Aston Martin DB2 / 4 sports car

The Aston Martin DB2 / 4 Mark 1 and 2 – A close look at this sports car including used performance, technical data, features, rivals comparison, history and prices.

From classic to modern

The Aston Martin DB2 / 4 Mark 1


In 1953, the DB2 sports car, the best-selling Aston Martin to date, was replaced by the Aston Martin DB2 / 4 Mark 1, priced at £ 2,621, which was offered as a Drophead Coupé, a 2 + 2 Hatchback Saloon. and a small number of Bertone-designed Spider convertibles.

It had an aluminum body with a curb weight of 1,195 kg, and the first cars were prepared by the legendary bodybuilder Mulliner, although in 1954 it was changed to the Tickford Company.

By modifying the area around the rear axle, it was possible to introduce two rear seats along with an increase in the rear roof line and turn the rear section into a hatchback.

Additions included the use of a wraparound windshield, separate bumpers, and elevation of the headlight position.

When production of the Mark 1 ended in 1955, a total of 565 Mark 1s had been built, of which 102 were Drophead Coupes, 458 Saloons, and the remaining 5 were Spiders.


The Mark 1 sports car was powered by the same engine used in the DB2 Vantage, and consisted of a 2.6-liter, DOHC, in-line six-cylinder Lagonda unit developing 125 bhp at 5,000 rpm and 144 ft / lbs of torque at 2400 rpm.

Equipped with a four-speed manual gearbox, it produced a top speed of 111 mph, with a 0-60 mph time of 11.5 seconds.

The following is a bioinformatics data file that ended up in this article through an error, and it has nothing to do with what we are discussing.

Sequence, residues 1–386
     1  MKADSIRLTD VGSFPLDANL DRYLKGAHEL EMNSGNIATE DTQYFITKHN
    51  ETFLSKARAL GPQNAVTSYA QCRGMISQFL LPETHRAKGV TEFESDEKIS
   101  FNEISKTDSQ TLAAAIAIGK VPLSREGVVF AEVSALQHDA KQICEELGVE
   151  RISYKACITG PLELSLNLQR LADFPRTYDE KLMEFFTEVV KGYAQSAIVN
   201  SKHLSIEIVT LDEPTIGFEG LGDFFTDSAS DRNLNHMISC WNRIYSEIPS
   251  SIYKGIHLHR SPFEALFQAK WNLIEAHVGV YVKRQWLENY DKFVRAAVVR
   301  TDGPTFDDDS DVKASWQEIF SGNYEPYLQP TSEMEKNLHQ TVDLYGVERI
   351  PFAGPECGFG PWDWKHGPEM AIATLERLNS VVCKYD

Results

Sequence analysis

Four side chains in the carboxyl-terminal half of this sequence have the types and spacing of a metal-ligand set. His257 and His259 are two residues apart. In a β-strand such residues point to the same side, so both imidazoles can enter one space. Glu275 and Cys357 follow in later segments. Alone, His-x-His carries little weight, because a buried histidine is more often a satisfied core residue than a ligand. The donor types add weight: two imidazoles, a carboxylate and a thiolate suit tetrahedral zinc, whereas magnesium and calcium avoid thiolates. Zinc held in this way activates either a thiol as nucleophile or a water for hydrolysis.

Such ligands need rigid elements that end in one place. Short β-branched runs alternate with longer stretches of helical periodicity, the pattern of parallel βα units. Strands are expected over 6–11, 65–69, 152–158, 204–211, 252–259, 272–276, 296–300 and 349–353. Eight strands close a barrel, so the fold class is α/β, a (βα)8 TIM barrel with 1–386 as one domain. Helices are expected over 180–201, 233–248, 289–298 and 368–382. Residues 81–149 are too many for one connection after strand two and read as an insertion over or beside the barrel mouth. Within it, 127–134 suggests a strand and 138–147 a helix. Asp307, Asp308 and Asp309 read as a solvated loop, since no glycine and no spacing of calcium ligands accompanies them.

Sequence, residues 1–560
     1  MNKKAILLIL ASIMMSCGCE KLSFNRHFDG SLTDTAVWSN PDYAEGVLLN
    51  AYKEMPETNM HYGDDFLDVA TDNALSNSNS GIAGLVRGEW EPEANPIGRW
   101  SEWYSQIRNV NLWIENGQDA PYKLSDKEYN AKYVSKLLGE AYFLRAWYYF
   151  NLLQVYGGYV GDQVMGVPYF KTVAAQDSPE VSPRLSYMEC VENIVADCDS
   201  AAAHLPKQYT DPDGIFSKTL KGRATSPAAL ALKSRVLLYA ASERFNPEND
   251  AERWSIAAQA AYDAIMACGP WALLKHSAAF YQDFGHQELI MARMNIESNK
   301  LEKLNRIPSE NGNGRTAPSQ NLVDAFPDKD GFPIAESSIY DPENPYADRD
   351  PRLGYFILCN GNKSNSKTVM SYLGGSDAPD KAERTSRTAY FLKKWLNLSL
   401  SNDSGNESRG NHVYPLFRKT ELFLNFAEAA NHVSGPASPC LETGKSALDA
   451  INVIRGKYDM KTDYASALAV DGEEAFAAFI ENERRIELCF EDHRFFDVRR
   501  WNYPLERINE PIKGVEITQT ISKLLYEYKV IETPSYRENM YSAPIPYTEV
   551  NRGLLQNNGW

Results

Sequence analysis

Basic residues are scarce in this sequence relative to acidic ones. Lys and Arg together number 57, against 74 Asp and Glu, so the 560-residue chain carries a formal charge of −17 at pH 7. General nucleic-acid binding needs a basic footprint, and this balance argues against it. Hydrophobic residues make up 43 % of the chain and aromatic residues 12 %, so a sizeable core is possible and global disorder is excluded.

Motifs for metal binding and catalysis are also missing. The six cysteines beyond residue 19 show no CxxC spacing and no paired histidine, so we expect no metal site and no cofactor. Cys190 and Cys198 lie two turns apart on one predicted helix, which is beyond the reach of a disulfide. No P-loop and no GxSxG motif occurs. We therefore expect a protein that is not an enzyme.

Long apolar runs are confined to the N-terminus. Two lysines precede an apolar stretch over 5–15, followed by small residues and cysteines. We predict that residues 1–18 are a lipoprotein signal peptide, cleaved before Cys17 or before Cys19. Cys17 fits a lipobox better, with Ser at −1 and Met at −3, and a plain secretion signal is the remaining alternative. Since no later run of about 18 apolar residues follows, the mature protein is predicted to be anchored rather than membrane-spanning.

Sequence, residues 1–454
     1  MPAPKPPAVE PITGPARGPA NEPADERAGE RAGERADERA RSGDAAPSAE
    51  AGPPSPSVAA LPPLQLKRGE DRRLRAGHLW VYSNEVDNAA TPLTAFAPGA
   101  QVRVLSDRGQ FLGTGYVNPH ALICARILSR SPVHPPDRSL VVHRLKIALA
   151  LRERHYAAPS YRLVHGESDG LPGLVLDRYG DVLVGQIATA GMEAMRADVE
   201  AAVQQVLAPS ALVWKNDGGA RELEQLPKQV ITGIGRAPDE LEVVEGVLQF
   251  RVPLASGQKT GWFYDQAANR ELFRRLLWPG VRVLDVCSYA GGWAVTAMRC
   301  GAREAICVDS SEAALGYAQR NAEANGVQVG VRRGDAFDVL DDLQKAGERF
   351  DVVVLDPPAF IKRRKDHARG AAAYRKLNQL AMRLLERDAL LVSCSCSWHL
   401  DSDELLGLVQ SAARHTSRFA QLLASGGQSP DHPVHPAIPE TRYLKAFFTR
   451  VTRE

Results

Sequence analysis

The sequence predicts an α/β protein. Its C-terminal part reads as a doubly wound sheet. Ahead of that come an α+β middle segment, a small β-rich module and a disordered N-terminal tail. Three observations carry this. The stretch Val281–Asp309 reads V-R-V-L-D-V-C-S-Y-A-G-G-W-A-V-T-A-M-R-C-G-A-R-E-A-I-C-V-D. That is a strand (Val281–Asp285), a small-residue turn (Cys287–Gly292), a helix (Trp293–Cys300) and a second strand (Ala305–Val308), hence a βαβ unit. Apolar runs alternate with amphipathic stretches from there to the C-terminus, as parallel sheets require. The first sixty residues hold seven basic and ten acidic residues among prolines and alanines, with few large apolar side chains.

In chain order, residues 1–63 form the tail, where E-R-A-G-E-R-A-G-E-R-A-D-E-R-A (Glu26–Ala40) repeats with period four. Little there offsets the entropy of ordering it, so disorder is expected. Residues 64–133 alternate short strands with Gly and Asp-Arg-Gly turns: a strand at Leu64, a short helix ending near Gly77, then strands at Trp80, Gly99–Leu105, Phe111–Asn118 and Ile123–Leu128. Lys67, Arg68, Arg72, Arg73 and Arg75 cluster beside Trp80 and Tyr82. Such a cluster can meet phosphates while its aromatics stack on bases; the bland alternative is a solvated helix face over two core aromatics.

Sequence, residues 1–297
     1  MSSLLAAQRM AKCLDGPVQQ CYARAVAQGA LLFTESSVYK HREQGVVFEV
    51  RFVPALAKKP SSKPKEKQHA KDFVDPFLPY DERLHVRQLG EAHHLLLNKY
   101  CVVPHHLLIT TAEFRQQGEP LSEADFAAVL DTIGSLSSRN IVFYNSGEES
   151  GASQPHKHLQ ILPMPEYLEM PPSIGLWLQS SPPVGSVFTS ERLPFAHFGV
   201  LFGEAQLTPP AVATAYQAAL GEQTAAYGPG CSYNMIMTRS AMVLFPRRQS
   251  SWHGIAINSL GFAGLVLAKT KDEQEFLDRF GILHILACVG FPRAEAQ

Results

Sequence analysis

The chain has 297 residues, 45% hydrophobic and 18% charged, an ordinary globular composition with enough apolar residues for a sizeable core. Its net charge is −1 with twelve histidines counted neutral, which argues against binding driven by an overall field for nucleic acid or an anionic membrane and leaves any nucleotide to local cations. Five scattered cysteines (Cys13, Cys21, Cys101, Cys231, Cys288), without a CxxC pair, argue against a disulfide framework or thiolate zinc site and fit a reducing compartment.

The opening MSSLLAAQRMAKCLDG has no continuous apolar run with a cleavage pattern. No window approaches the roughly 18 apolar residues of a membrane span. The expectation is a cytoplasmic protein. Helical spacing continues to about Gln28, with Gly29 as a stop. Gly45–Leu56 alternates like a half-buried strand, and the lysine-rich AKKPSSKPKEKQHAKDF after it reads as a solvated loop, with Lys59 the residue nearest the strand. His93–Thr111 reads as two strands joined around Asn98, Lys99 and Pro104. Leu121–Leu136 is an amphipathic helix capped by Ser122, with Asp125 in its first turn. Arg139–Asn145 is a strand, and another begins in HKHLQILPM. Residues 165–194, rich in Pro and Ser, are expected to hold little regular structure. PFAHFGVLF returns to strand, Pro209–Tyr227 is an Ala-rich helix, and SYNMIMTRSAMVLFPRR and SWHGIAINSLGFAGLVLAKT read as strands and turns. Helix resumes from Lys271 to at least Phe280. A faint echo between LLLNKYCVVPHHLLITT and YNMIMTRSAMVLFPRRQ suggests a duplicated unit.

However, in early 1954, both the Sedan and Drophead Coupe were equipped with the larger 2.9-liter DOHC Lagonda inline six-cylinder engine developing 140 bhp at 5000 rpm and 178 ft / lbs of torque at 3000 rpm.

Maintaining the same gearbox and equipped with two SU HV6 carburettors, it produced a top speed of 190 km / h, with a 0 to 100 km / h time of 9.7 seconds.

It used hydraulic drum brakes throughout, and now there was a marginal weight increase to 1210 kg.

The Aston Martin DB2 / 4 Mark 2


Also in 1955, Aston Martin released the Mark 2 version.

External styling changes included the addition of small fins at the rear, different taillights as used on the Morris Minor, and an increase in the use of chrome.

A new two-seater Fixed Head Coupé variant was introduced, retaining the Drophead Coupé, although only 34 units were produced with handcrafted bodies by the Tickford Company, which had been acquired by David Brown in 1954.

As part of a special order, three of these chassis were sent to the Italian bodybuilders Carrozzeria Touring to create the Spider variant.

By the time production of the Mark 2 ended in 1957, a total of 199 units had been built, of which 146 were Saloons, 34 Fixed Head Coupes, 16 Drophead Coupes, and 3 Spiders.


As an optional extra, the Mark 2 sports car was equipped with the more powerful version of the 2.9-liter Lagonda engine, which featured larger valves, and the compression was increased to 8.6: 1.

This allowed the output to increase to 165 bhp and produced a top speed of 120 mph, with a 0-60 mph time of 9.3 seconds.


The following sports cars were typical of the competition for the DB2 / 4: Jaguar XK140, Maserati 3500GT, Maserati A6HG, and BMW 507.


An Aston Martin DB2 / 4 in good condition would cost around $ 120,000 / £ 75,000 to $ 250,000 / £ 150,000, while a really excellent example would cost around $ 500,000 / £ 300,000.

This concludes my Aston Martin DB2 sports car review

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